FEEM working papers "Note di lavoro" series
2012 .013

Fossil Fuel Extraction and Climate Policy: A Review of the Green Paradox with Endogenous Resource Exploration


Authors: Ines Österle
Series: Climate Change and Sustainable Development
Editor: Carlo Carraro
Keywords: Green Paradox, Supply-side dynamics, Climate Policy, Exhaustible Resources, Fossil Fuels, Exploration, Carbon Taxes
JEL n.: Q31, Q54, Q58, H23, H32

Abstract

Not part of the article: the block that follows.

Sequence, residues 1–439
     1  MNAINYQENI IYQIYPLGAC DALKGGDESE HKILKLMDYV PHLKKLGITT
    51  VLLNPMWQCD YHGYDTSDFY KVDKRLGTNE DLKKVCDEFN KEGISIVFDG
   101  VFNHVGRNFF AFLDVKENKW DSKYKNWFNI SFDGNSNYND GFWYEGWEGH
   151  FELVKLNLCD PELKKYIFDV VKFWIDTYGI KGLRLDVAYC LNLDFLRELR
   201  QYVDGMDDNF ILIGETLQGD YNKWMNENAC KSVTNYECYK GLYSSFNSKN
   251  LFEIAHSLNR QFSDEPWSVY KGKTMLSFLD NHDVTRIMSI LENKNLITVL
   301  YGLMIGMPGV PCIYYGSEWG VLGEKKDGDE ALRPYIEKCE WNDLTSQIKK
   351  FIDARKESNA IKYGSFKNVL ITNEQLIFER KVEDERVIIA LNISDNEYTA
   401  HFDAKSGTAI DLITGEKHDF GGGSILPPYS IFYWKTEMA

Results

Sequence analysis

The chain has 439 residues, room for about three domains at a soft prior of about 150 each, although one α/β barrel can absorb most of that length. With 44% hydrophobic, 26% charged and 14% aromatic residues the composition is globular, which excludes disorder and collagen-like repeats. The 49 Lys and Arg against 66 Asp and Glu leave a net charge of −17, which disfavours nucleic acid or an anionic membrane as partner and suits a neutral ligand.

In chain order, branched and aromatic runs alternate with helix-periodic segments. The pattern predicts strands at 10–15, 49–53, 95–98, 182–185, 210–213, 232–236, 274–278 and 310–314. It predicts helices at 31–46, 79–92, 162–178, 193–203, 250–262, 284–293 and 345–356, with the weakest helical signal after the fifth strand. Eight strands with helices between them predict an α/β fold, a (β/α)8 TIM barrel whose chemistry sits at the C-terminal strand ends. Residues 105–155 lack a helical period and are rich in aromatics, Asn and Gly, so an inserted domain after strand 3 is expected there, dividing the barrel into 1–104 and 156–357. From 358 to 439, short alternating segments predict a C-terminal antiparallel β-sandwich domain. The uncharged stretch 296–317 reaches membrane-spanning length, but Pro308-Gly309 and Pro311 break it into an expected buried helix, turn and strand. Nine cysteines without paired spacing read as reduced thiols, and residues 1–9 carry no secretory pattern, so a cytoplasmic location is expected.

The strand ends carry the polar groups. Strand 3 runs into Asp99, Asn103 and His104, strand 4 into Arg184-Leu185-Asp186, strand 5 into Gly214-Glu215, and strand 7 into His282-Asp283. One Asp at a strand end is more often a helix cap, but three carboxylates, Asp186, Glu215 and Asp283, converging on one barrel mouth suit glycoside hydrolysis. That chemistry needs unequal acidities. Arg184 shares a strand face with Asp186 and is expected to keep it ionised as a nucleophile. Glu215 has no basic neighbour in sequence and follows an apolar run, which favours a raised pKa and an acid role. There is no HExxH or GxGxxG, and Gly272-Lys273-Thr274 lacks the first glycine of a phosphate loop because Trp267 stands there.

Policies aimed at reducing emissions from fossil fuels may increase climate damages. This "Green Paradox" emerges if resource owners increase near-term extraction in fear of stricter future policy measures. Hans-Werner Sinn (2008) showed that the paradox occurs when increasing resource taxes are applied within a basic exhaustible resource model. This article highlights that the emergence of the Green Paradox within this framework relies on the non-existence of a backstop technology and fixed fossil fuel resources. In doing this, it initially presents a basic exhaustible resource model which includes a backstop technology and shows that the implementation of a specific sales tax path is effective in mitigating global warming. Secondly, it considers the case of costly exploration activities being introduced within the basic model and accounts for the real world condition that the location of fossil fuels is unknown. Under this condition, an increasing cash flow tax is effective in dealing with climate change if policy makers commit to a high initial tax level and to a specific range of growth rates.

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